This year, the survey teams would like to check pea and wheat fields. They will survey for pea leaf weevil in late spring and survey for wheat midge and wheat stem sawfly in the fall after harvest.

“In addition to the rest of the province, we are looking for pea fields up into the Peace Country because the pea leaf weevil has been confirmed into that area, and we want to expand our survey there,” says Scott Meers, insect management specialist with AF. “We are looking for fields that producers would be happy to have us check. For allowing us on their fields, we will provide those producers with a report of the survey results.”

Meers would also like to increase in the number of bertha army worm traps in Alberta. “We are trying to get four to five traps per county across the province. If you are interested, we will hook you up with all the materials you will need.”

For agrologists and producers who have monitored for the bertha army worm adults in the past, now is a good time to check those traps to see if they need to be repaired or replaced. “They are plastic, and plastic in the wind and sunshine tends to break down after time. Let us know if they need to be upgraded or replaced,” adds Meers.

For more information about monitoring for the upcoming growing season or replacing traps, contact This e-mail address is being protected from spambots. You need JavaScript enabled to view it .
Published in Insect Pests
Many fields across Ontario may be at risk of alfalfa winterkill this year. Christine O'Reilly shares how to determine whether your fields were at risk, if damage occurred, and what to consider for next steps on FieldCropNews.com. | READ MORE
Published in Other Crops
Although oats are less susceptible than other cereals to Fusarium head blight (FHB), this disease can impact oat yield and quality when conditions strongly favour the disease – as they did on the Prairies in 2016. So, researchers are working to better understand FHB in oat, to develop oat varieties with even stronger FHB resistance, and to help ensure the grain remains safe for humans and livestock.
Published in Diseases
The fungal disease Verticillium longisporum was first detected in Canada in a canola field on a farm in Manitoba in 2014. The results of a subsequent national survey led by the Canadian Food Inspection Agency (CFIA) and released in 2016, detected the presence of the pathogen V. longisporum in varying levels in six provinces in Canada: British Columbia, Alberta, Saskatchewan, Manitoba, Ontario, and Quebec.
Published in Diseases
Cabbage seedpod weevil is an invasive insect pest of canola. Originally found in Europe, the insect proliferated in the United States and was first confirmed in Alberta in the mid-1990s.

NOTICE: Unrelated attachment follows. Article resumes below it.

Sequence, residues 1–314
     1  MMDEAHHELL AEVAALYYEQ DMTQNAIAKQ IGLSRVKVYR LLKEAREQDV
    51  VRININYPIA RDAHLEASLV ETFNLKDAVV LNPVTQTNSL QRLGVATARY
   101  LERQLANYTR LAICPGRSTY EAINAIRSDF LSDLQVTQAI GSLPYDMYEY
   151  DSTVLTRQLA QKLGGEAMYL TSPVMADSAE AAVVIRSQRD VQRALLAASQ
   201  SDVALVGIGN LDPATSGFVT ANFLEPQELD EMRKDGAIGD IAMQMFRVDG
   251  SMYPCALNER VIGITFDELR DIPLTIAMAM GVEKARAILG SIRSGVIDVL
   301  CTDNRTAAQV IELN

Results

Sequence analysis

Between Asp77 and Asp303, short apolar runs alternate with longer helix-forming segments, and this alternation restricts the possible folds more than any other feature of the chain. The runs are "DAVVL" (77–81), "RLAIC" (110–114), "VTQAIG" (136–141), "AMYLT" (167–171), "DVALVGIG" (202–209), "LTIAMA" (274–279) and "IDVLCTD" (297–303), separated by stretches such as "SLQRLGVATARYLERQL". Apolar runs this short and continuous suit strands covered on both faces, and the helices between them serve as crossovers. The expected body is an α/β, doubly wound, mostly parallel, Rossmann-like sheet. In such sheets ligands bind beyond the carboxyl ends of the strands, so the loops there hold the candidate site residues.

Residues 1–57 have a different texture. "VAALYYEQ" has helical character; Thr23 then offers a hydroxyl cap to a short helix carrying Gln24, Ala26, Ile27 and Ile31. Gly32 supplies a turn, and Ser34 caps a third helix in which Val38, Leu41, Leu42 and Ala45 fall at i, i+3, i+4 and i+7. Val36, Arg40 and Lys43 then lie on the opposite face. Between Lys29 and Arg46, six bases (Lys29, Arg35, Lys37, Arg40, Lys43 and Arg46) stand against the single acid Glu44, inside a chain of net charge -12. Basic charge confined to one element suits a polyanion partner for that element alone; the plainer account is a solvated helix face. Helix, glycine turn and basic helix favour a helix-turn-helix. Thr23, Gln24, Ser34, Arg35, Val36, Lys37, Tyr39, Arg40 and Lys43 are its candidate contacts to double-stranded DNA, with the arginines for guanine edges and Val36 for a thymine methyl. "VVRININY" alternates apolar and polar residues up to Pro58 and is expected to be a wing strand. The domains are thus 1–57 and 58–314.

Published in Insect Pests
Agriculture and Agri-Food Canada (AAFC) has released the Cereal Aphid Manager app to help grain producers and crop advisors control cereal aphid populations in wheat, barley, oats, and rye. This smartphone app predicts what the aphid population will be in seven days and the best time to apply insecticide. “It makes you scout properly for cereal aphids, but what is really does, it allows you to record the number of aphids so you don’t have to do any math yourself,” says Tyler Wist, field crop entomologist with AAFC.

“What makes this app unique is that it works the beneficial insects as well,” adds Wist. “It works in the predators and the parasitoids that help to keep the aphid populations in check. When you’re scouting for the aphids, you’re also scouting for the natural enemies.”

The Cereal Aphid Manager is based on a model built by researchers at AAFC. The model treats the grain field as an ecosystem and takes into account many complex biological interactions including:
  • The number of different natural enemies of aphids in the field and how many aphids they eat per day.
  • The lifecycles of aphids and their enemies including their developmental stages, egg laying behaviour, population growth rate, lifespan, etc.
  • Types of non-crop habitats that insects around the field that the different insects prefer. 
By taking these factors into consideration, the app can give a more accurate and precise prediction as to whether an aphid population could significantly impact the productivity of the field.

Cereal Aphid Manager is available to download from the App Store and Google Play. For more information about this app, contact This e-mail address is being protected from spambots. You need JavaScript enabled to view it , field crop entomologist with AAFC.
Published in Cereals